Mindfulness practices were integrated into the plan, starting with deep breathing routines before bedtime and chamomile tea consumption, later progressing to morning yoga sessions for comprehensive well-being.

Within a three-month period, HbA1c decreased from 10.4 to 6.5, and Fasting Blood Sugar (FBS) dropped from 164.4 to 131.3. Despite this improvement, medications were continued until the following quarter. By March 2022, HbA1c further decreased to 5.7, and FBS reached 86.7. During this period, the medication JANUMET XR CP 100/1000MG TAB 1-0-0 was switched to Glycomet SR 1-0-0 [metformin]. In August, metformin was discontinued, yet HbA1c was maintained at 5.8 and 5.7 in the subsequent quarters.

In addition to observing changes in HbA1c and FBS levels, the client also noted shifts in various parameters: Weight loss, though not initially a concern, amounted to 2 kgs. The focus then shifted to reducing waist size to improve the waist-to-height ratio. Consequently, the waist measurement decreased from 96 to 84, resulting in a notable reduction in the waist-to-height ratio from 0.52 to 0.45.

Figure 1: Fasting blood sugar levels for the duration of 22 months

Figure 2: HbA1c for the duration of 22 months

In the lipid profile, Total Cholesterol maintained stability while the significant improvement was observed in Triglycerides, HDL and VLDL levels. However, LDL increased from baseline (Refer table 2).

Parameters

Baseline Values

Latest Values

Hba1c ( %)

10.4

5.7

Average Glucose (mg/dl)

251.78

116.89

Glucose Fasting (mg/dl)

164.4

109

Total cholesterol (mg/dl)

150

197.62

Serum Triglycerides (mg/dl)

168

98.497

Serum HDL Cholesterol (mg/dl)

34.8

42

Serum LDL Cholesterol (mg/dl)

90.4

135.8

Serum VLDL Cholesterol (mg/dl)

33.7

19.7

Vitamin B12 (pg/ml)

123

364

Table 2: Baseline and latest plasma cholesterol, Blood sugar levels and Vit B12.

Symptoms such as headaches, fatigue, and generalised weakness, which were initially prevalent, showed significant improvement within the six months of the program. Additionally, the client experienced a substantial boost in energy levels. These observations underscore the comprehensive impact of the program on various health indicators beyond glycemic control.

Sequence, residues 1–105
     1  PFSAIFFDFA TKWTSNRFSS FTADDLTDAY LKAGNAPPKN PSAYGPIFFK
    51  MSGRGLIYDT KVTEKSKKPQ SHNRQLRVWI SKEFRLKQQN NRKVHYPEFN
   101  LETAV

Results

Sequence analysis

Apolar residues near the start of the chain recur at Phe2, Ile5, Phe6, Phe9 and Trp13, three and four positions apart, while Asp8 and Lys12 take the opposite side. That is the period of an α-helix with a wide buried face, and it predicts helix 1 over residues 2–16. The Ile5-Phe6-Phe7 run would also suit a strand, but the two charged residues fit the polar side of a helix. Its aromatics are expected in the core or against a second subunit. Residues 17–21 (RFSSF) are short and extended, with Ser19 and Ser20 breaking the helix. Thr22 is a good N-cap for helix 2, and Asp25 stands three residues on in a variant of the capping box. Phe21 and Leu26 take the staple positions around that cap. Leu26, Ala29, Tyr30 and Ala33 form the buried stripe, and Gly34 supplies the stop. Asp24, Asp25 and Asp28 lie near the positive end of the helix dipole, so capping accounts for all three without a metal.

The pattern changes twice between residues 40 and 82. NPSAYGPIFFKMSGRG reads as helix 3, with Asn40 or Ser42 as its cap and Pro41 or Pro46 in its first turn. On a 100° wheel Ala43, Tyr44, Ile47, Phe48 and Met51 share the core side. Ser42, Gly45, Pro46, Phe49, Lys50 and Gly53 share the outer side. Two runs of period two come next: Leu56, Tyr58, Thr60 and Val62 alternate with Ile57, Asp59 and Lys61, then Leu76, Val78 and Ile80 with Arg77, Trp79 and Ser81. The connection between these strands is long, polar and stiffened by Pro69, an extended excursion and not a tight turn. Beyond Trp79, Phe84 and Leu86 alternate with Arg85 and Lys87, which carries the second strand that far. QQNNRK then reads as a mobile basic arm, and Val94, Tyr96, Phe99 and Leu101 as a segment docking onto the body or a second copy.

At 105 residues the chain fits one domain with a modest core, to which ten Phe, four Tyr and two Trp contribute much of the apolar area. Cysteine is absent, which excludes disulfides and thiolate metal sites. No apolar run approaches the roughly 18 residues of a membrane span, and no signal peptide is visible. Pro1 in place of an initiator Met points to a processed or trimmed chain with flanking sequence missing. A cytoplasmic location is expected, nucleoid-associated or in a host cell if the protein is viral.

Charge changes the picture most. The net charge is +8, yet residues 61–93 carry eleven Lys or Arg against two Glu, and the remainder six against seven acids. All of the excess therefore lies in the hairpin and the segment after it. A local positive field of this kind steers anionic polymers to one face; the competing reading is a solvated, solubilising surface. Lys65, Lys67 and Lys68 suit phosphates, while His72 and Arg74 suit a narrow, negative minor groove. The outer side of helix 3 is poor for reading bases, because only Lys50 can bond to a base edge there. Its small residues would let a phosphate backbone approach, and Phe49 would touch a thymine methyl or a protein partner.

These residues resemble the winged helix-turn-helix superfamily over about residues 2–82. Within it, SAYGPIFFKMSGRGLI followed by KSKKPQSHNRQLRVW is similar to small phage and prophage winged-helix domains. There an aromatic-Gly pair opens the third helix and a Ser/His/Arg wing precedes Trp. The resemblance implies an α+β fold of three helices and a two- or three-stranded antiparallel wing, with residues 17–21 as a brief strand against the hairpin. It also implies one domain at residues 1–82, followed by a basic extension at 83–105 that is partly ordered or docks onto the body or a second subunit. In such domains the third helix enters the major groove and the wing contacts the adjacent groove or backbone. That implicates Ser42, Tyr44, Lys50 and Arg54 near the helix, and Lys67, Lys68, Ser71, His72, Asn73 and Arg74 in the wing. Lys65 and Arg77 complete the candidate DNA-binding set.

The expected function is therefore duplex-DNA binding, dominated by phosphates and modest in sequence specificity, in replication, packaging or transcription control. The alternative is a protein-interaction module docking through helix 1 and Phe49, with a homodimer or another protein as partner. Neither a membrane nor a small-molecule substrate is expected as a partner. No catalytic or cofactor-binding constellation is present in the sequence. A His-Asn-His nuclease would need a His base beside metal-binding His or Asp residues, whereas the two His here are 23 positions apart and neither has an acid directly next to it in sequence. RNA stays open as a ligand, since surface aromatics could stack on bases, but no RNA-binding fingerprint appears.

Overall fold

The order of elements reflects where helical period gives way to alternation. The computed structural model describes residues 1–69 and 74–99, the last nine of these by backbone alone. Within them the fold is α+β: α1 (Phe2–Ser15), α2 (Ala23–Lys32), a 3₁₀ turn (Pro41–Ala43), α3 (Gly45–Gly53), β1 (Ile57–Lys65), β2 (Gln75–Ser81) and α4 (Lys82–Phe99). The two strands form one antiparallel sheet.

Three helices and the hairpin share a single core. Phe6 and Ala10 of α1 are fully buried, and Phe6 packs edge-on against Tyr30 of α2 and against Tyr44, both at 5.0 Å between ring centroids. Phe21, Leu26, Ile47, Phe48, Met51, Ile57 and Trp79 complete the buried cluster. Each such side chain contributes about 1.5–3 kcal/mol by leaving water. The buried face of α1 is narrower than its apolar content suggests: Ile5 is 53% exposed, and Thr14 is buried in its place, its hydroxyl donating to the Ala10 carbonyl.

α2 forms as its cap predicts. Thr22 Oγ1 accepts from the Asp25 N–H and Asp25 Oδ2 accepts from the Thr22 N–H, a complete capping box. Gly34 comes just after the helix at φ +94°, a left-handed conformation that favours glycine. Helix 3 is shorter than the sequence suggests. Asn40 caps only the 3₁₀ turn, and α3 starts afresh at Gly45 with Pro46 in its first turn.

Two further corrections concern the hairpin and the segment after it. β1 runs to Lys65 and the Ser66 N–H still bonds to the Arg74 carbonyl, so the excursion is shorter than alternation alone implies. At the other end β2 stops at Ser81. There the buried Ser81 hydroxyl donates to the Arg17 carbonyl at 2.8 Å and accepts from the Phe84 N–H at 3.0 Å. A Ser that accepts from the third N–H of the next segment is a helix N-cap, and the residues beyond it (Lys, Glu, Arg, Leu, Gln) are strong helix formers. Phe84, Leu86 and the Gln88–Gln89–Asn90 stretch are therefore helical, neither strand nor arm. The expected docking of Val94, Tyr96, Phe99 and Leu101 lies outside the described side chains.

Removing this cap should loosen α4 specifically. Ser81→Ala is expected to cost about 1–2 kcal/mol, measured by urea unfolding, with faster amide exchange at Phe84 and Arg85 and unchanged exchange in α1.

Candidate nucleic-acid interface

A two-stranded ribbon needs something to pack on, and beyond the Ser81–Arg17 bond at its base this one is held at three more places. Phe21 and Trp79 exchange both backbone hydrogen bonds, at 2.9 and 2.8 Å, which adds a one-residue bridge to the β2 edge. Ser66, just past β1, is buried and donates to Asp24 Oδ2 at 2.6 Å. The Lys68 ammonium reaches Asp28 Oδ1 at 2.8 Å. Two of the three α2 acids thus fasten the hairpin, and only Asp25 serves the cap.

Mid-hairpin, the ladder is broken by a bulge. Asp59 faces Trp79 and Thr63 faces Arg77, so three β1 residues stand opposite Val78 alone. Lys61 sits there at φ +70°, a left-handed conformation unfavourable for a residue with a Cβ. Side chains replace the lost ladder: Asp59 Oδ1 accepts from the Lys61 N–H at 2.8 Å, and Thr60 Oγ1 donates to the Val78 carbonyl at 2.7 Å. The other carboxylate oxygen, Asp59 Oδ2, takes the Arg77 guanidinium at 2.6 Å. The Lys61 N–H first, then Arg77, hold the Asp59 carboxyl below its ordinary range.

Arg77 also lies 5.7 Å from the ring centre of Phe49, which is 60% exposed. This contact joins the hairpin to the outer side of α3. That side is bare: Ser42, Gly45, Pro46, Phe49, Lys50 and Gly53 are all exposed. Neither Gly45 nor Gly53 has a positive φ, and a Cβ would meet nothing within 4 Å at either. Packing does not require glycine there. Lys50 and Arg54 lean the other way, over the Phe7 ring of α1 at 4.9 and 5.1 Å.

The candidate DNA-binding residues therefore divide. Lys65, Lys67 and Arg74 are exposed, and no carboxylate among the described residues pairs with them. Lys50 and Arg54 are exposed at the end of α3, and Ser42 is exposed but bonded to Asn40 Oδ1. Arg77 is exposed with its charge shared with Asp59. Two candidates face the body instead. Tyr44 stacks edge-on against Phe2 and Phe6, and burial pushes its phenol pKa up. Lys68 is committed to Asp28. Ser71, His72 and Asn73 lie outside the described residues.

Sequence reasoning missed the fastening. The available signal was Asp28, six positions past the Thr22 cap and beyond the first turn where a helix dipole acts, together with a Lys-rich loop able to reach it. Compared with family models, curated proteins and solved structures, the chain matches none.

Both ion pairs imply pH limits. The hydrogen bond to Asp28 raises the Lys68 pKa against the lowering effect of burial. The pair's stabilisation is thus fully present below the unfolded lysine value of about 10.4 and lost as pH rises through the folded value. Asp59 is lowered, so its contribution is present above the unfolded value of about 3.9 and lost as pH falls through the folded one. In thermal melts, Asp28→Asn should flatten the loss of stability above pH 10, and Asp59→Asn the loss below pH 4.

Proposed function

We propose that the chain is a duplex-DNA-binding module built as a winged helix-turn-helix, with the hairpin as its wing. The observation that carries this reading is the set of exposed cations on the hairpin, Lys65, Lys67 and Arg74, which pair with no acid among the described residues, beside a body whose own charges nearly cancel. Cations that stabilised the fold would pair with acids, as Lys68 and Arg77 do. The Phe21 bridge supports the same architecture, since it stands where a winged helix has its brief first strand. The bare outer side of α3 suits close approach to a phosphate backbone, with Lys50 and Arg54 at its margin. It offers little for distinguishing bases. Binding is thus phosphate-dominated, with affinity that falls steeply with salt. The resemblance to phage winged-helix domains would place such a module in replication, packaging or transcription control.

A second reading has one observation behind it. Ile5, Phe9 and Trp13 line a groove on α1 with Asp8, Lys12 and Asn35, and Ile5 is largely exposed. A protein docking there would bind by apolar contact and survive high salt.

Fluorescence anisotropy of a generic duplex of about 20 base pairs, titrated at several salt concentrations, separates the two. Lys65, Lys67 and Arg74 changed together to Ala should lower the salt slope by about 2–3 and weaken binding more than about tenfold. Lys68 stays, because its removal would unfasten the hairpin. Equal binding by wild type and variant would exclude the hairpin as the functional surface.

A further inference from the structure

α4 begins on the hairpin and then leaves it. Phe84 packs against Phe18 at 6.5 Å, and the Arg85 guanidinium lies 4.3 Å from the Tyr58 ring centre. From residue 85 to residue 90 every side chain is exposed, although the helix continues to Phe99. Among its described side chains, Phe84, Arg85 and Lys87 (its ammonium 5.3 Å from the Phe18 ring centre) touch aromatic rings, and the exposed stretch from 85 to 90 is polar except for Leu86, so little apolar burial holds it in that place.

In addition to the timely assistance provided by the healthcare professionals, and progress seen by the client, the quantitative involvement of Mr. SG in the program is noteworthy. During the course of the program, there were 7 doctor consultations, 57 coach consultations, 145 phone calls connected with the coach, over 600 text messages exchanged, and a high adherence to SMBG- self-monitoring of blood glucose with around 500 readings recorded. This data underscores the comprehensive and multidimensional nature of the support Mr. SG received.

Discussion

Mr. SG's remarkable journey towards improved health and glycemic control stands as a testament to his unwavering dedication and adherence to the comprehensive program offered by Sugrfit. His commitment to embracing lifestyle changes, as recommended by the program, played a pivotal role in achieving positive outcomes.

Throughout the process, Mr. SG's dedication to the dietary recommendations underscored his determination to make sustainable changes. His proactive approach, evident in enrolling in Sugrfit’s Diabetes Reversal and Management Program, reflected a strong desire to actively participate in his health journey.

The integral role of the assigned coach cannot be overstated. The sustained and efficient guidance provided by the coach ensured that Mr. SG received personalised support tailored to his challenges and lifestyle. The coach's ability to empathetically understand Mr. SG's concerns and guide him towards healthier choices fostered a trusting and supportive relationship.

Mr. SG's dedication to embracing a holistic approach, coupled with the sustained and efficient guidance provided by his coach, played a pivotal role in achieving and maintaining improved health outcomes. This case exemplifies the potential for success when clients actively engage in their health journey, supported by a dedicated and knowledgeable coaching team.